When: Sat., July 8, 8 p.m. 2017
At first blush, Sturgill Simpson and Adia Victoria might seem like unusual tour mates. The former earned a reputation as a twenty-first-century outlaw with his 2014 breakout LP, Metamodern Sounds in Country Music, while the latter broods in acidic, bluesy rock. But in fact, both have pushed back against the industry structures that have tried to define them—and they've been better for it.
With a personal stamp of approval from Merle Haggard, Simpson seemed poised to take up the mantle of the outlaw spirit after Metamodern Sounds in Country Music. But his follow-up, last spring's A Sailor's Guide to Earth, probably wasn't the record most people were expecting from Simpson. Rather than hiring a hotshot producer, Simpson sat at the helm himself and recruited the renowned Dap-Kings to add Stax-style horns to the record. And instead of more ruminations on psychedelia, A Sailor's Guide to Earth focused on themes of fatherhood. The record earned Simpson a Best Country Album Grammy as well as a nomination for album of the year (he lost to Adele's 25). Victoria, meanwhile, has been making waves of her own since releasing her debut full-length record, Beyond the Bloodhounds, last February. She bends together blues and rock for songs that are at once sullen and seething; live, she's a mesmerizing force.
And while both Victoria and Simpson have been rightfully celebrated for their work, they've been sharp critics of the institutions that try to stake claim to them. In a now-deleted Facebook post from last summer, Simpson criticized the Academy of Country Music and the country music industry at large, accusing it of only promoting "formulaic cannon fodder bullshit" over genuine artists. About himself and fellow musician Jason Isbell, Simpson wrote, "Our last albums went to #1 without any help from the Mainstream Country Music establishment...and our next albums will too." (Isbell's new The Nashville Sound debuted in the No. 1 slot on Billboard's country chart upon its mid-June release.)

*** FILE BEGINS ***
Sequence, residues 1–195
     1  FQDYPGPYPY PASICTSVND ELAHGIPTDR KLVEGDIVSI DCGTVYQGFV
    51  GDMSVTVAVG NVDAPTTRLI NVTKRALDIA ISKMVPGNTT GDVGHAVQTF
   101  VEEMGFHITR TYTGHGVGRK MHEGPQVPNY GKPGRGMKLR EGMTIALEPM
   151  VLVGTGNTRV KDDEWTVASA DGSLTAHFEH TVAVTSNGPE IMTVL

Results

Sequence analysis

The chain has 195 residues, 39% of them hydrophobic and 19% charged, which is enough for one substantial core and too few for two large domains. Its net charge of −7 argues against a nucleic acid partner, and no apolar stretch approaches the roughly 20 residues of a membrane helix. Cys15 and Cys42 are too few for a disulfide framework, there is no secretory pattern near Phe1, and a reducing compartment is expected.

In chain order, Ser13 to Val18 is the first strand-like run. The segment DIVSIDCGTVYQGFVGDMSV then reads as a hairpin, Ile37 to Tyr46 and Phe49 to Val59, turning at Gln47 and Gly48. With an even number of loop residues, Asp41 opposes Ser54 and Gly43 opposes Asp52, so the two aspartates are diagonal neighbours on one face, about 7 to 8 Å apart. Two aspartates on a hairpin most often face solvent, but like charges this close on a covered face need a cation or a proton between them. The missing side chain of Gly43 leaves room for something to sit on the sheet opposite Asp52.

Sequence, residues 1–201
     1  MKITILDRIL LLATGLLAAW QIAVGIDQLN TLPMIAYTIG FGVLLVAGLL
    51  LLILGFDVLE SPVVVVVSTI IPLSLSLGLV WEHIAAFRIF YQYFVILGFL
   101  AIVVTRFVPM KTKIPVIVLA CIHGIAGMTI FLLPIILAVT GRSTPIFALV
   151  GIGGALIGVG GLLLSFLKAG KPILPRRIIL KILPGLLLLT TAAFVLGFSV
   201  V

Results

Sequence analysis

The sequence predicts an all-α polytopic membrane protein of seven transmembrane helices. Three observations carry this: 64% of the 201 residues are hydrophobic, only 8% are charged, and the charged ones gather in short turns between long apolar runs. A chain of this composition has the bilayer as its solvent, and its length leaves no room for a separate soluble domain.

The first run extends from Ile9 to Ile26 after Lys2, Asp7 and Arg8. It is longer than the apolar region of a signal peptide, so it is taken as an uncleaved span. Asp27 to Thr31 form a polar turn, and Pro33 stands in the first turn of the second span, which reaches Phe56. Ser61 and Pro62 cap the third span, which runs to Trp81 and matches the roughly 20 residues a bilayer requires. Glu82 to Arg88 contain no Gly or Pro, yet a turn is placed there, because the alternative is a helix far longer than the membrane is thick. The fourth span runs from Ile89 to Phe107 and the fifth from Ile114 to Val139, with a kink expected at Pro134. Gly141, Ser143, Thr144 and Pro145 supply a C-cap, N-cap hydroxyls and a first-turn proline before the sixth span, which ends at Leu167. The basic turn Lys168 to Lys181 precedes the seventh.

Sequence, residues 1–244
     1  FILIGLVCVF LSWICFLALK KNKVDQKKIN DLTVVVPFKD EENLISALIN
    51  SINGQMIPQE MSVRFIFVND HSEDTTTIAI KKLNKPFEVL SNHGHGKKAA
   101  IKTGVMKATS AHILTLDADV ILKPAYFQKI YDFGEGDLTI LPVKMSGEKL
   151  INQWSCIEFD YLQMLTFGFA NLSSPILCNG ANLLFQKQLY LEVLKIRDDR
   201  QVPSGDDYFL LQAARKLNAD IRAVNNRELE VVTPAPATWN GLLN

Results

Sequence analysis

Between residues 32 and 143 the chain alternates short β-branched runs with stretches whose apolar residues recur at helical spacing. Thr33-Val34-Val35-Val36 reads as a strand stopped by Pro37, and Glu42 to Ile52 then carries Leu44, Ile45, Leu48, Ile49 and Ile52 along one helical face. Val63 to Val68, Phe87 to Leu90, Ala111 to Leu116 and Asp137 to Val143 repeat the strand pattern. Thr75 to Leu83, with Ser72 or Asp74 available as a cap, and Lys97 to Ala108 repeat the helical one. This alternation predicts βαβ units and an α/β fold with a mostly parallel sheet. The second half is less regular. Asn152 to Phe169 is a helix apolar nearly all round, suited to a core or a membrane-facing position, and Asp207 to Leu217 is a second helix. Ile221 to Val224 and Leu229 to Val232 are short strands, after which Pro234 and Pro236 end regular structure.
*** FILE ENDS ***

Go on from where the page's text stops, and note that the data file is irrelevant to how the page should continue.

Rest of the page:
More recently, Victoria took the Americana Music Association to task, also over Facebook. She wrote about how, as a black woman, she had felt tokenized and fawned over by Americana advocates desperate to prove diversity in an overwhelmingly white male genre. "I have been treated as a special exotic ornament that they can point to and say 'see! see! That, too, is Americana!'," she wrote, making a strong, underappreciated case for the hypocrisy inherent in Americana machinations.
In an industry rife with glad handing and back patting, both Simpson and Victoria remain vital voices, both on and off their respective stages. Neither cares to be restricted by others' opinions; they just go out and write gut-wrenching songs that you're free to take or leave. Their philosophies and musical practices may differ a bit, but their thoughtful, independent spirits are the same. —Allison Hussey